MMA Works For A Healthy Minnesota
- Article by: Laura French
- Star Tribune Sales and Marketing
- September 9, 2009 - 1:33 PM
Healthcare reform is a hot topic in the national media these days. In Minnesota, reform is already underway, thanks in part to the efforts of the Minnesota Medical Association (MMA). The organization, whose members include more than 10,600 Minnesota physicians, drafted the "Physicians' Plan for a Healthy Minnesota" in 2004 and 2005. In 2006, MMA's recommendations were submitted to a group called "Healthy Minnesota," consisting of physicians, state senators, state legislators, CEOs of health plan organizations and representatives from business and labor (www.healthyminnesota.org). That group's recommendations had a "strong impact" on 2008 legislation, according to MMA's president, Dr. Noel Peterson.
Essential Services For All
Among the recommendations of the MMA:
o Health coverage for all Minnesotans through a mixture of private insurance and government programs like Medicare and Medicaid, with subsidies for people who can't afford coverage.
o Coverage of "essential services" including some preventive care.
o Creating "Health Care Homes" - a doctor or clinic that is patient's central contact for medical advice and support. "This is important for preventive care, but it's even more important for the `Big Five,'" Peterson says. "Coronary artery disease, congestive heart failure, diabetes, asthma and depression account for more than 50 percent of all medical costs."
Support For Public Health
Prior to its healthcare reform effort, the MMA had led the initiative for smoke-free workplaces in Minnesota, including restaurants and bars. Since its founding in 1853, the MMA has supported many public health programs, like clean water and food safety that have improved the lives of Minnesotans. Smoking and obesity are current public health issues that deserve attention, Peterson says.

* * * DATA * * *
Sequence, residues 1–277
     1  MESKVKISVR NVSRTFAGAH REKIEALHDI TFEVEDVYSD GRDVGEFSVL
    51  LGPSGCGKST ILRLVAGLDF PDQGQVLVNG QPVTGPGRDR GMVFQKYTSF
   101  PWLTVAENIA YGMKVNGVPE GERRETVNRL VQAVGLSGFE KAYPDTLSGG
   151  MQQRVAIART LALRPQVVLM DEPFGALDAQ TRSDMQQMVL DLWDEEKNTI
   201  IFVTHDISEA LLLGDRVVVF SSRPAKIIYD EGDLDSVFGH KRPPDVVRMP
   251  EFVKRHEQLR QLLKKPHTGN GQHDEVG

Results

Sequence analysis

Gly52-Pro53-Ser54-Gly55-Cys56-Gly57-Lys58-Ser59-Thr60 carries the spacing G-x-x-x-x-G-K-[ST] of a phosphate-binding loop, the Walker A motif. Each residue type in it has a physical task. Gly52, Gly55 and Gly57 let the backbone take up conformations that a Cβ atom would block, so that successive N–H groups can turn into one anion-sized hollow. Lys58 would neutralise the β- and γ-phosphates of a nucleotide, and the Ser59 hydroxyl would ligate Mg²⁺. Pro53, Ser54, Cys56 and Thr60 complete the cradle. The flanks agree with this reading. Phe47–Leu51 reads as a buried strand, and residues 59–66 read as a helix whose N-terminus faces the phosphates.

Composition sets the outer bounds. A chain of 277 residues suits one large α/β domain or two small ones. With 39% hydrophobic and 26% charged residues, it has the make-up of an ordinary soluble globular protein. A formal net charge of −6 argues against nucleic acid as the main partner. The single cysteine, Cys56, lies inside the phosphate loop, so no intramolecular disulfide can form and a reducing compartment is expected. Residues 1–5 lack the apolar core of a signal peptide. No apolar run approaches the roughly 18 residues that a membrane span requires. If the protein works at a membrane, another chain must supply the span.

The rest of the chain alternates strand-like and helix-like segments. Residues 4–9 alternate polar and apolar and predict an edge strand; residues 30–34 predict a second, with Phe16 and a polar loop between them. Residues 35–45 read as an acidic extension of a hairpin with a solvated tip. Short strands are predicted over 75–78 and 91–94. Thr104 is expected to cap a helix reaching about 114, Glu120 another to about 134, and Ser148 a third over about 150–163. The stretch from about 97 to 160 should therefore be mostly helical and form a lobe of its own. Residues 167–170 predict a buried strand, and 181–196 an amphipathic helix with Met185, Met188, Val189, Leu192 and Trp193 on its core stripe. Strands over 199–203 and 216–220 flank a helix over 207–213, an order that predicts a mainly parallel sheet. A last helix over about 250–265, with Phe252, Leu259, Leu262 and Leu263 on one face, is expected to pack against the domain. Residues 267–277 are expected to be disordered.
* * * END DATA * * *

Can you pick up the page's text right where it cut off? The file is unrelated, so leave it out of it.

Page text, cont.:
In addition to being a powerful advocate on healthcare issues at the State Capitol, the MMA provides up-to-date information about events affecting medicine in Minnesota, offers products and services that save time and money, and provides education for physicians and their clinic staff. The MMA also publishes Minnesota Medicine, which has been the area's preeminent regional medical journal since 1918 and is read by physicians and medical students, hospital and clinic administrators, and other area healthcare leaders. It is a cross between a magazine and a medical journal.
The MMA offers "lots of opportunities for involvement," Peterson says. His own path, after coming to the Olmsted Medical Center in 1989, began with participation in the MMA House of Delegates, an annual meeting of members from around the state who "set the direction for the organization," he says. By 1994, Peterson had become a member of the MMA's Board of Trustees, the group that works to implement the House of Delegate's directions. He became a member of the Administration and Finance Committee, then treasurer. Peterson returned to the Board of Trustees in 2005 and, in 2008, he was elected president.
He will continue to practice urology when his term as president is done, but, he says, "I plan to have just one job instead of two. I really like the practice of medicine. It is an incredible privilege to be a physician." Through his years in MMA leadership, Peterson says, he was able to make an impact on medicine that is broader than his own practice. "At least for me, it's important to do something about things that you think could be better, rather than just complaining about them," Peterson says.
For more information on the Minnesota Medical Association, visit its website at www.mmaonline.org.
Laura French is a principal of Words Into Action, Inc., and is a freelance writer from Roseville.
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